The article “High cost of college: the truth behind the myths” [Local News, June 15] was excellent, especially the link between state budget cuts and higher tuition rates.
However, I’d like to clarify that community and technical college classes are, indeed, rigorous. That’s why our transfer courses qualify for university credits and transfer students are accepted into competitive majors in sciences, math, engineering, computer science and business. Forty percent of bachelor’s degree graduates from Washington public universities start at a community or technical college. They also graduate with similar GPAs and credits earned.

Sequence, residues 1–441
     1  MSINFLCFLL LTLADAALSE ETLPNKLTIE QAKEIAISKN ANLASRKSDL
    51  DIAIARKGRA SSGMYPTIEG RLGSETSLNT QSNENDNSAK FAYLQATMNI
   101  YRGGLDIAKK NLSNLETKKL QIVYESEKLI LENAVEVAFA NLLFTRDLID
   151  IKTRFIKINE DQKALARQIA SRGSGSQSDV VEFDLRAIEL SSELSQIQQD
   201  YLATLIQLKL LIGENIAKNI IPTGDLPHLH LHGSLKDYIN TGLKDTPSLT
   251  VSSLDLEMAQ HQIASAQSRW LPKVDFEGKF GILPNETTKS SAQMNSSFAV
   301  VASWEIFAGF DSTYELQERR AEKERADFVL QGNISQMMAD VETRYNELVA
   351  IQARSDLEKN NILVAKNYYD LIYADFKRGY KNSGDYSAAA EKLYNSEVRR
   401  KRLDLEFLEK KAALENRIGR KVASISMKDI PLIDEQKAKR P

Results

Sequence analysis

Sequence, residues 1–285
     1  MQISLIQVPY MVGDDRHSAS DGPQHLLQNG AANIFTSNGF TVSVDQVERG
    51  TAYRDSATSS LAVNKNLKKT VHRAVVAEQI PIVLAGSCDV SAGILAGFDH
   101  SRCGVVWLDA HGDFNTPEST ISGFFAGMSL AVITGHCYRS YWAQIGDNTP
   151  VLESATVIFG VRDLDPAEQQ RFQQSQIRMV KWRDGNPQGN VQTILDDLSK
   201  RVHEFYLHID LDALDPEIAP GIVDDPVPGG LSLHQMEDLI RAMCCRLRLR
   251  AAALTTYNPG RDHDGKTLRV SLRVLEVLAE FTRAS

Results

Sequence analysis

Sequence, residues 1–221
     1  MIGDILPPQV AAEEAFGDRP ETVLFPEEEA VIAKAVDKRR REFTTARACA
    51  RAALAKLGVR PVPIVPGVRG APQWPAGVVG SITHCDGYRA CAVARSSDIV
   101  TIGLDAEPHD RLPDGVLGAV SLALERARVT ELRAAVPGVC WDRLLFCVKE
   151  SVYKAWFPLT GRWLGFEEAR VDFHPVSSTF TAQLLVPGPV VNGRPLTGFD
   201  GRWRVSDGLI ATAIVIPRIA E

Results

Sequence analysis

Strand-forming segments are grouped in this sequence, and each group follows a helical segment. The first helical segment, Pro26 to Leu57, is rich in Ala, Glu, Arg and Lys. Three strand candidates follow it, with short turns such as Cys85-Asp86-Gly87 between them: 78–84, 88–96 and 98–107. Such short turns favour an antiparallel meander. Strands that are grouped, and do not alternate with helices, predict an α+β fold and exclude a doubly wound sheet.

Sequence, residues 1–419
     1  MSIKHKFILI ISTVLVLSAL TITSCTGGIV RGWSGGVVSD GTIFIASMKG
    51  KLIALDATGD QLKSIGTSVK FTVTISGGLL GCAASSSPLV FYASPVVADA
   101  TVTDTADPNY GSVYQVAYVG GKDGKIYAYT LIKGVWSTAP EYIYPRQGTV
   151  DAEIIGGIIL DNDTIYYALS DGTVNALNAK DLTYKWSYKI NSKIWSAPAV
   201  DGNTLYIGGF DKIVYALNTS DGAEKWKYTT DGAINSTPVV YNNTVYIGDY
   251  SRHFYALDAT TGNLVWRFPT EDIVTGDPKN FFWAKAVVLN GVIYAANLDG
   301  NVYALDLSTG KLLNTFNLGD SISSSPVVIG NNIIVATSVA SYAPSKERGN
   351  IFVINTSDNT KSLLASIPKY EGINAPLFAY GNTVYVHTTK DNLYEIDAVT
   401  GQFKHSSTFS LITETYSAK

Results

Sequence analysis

Colleges offer honors programs, and students participate in Phi Theta Kappa, an honors society for two-year colleges. Community Colleges of Spokane and Pierce College participate in American Honors, a national network that puts students on the path to elite universities nationwide.
Our open-door policy means that anyone who wishes to learn is accepted. The work is still rigorous once they enroll.
Struggling students receive intense academic assistance, including “high touch” advising, early warning indicators, mentors, and live tutoring in-person and online.
Community and technical colleges take students from where they are academically to where they need to be, with high quality and rigorous instruction.
Marty Brown, executive director, State Board for Community and Technical Colleges